By Oleh Muin Abdul Majid  www.bernama.com

DUBAI, May 8 (Bernama) — Tourism Malaysia and Petronas are exploring the possibility of further developing the tourism potential of Kuala Lumpur’s Petronas Twin Towers.

Petronas Twin Towers
Petronas Twin Towers

Tourism Minister Datuk Seri Dr Ng Yen Yen said the skybridge experience, for example, could be turned into an income-generating tourism product.

She pointed out that currently admission to the skybridge linking the two towers was free, but visitors had to queue for the tickets to get up.

“Many tourists have actually asked how to book tickets in advance because it’s cumbersome for them to wait in a long queue.

“They say that by the time they finish waiting the tickets are gone,” she told Malaysian media after visiting Burj Khalifa, the world’s tallest building here, Friday.

According to Dr Ng, who led the Malaysian delegation to the Arabian Travel Market (ATM) 2010, tourists wanted convenience and were prepared to pay for it rather than wasting time unnecessarily.

Citing the example of Burj Khalifa, the minister said visitors who wished to go up the observatory deck on the 124th floor of the super tall structure could book tickets costing 100 dirhams (about RM80) per person in advance, while those who wanted immediate entrance could do so at a premium.

“It’s a fantastic system. They have utilised the Burj Khalifa to become a very powerful tourism instrument. And I think our Petronas Twin Towers have that potential too,” she observed.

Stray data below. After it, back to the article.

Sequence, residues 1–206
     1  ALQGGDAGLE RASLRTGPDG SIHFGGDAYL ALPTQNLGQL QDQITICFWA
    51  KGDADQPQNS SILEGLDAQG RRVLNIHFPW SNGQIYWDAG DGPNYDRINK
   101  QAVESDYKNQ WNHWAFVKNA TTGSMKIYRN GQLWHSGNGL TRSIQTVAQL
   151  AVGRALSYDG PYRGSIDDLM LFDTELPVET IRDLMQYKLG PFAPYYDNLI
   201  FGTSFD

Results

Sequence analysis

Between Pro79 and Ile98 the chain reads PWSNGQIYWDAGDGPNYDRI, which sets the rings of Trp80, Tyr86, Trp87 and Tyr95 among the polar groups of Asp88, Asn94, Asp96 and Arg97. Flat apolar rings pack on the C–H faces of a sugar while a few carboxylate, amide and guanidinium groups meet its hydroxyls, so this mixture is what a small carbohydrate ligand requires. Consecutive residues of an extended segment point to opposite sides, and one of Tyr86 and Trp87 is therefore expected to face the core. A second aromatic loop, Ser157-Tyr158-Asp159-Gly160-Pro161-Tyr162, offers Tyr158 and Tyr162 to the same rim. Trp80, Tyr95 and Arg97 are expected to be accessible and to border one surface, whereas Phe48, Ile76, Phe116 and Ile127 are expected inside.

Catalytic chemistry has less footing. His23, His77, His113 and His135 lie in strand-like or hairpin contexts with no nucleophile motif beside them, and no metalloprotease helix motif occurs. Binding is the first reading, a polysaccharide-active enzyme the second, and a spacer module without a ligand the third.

Dr Ng said the Petronas towers should have a similar system — one that allows advance ticket bookings that eliminates long queues.

Nevertheless, Dr Ng conceded that Petronas, Malaysia’s national petroleum corporation, did not build the 88-storey twin towers with tourism in mind.

“Actually, we’ve been asked by Prime Minister Datuk Seri Najib Tun Razak to see how we can work and assist Petronas to develop the skybridge into a tourism product.

“Tourism Malaysia has already spoken to Petronas and the company is very receptive to the idea,” said Dr Ng who was accompanied on her tour of Burj Khalifa by Emaar Properties assistant director (projects), Nor Shaharom Mansor.

She said tourism was not only a matter of coming up with new products to woo tourists but also value-adding existing products, such as the skybridge.

According to Melaka-born Nor Shaharom, who has been involved in the Burj Khalifa development since day one, further developing the tourism potential of the Petronas towers was something ‘doable’.

“For Burj Khalifa, we knew what we wanted since day one. The idea behind it is that we don’t want people to go to the observatory deck just for the view.

“We want to create something more interesting by ensuring that the experience, both interactive and educational, starts from the ticketing counter all the way up the tower,” he said. According to him, the observatory deck of Burj Khalifa, a skyscraper that can be seen from 95km away, was generating a lot of income for Emaar, the developer of the project.

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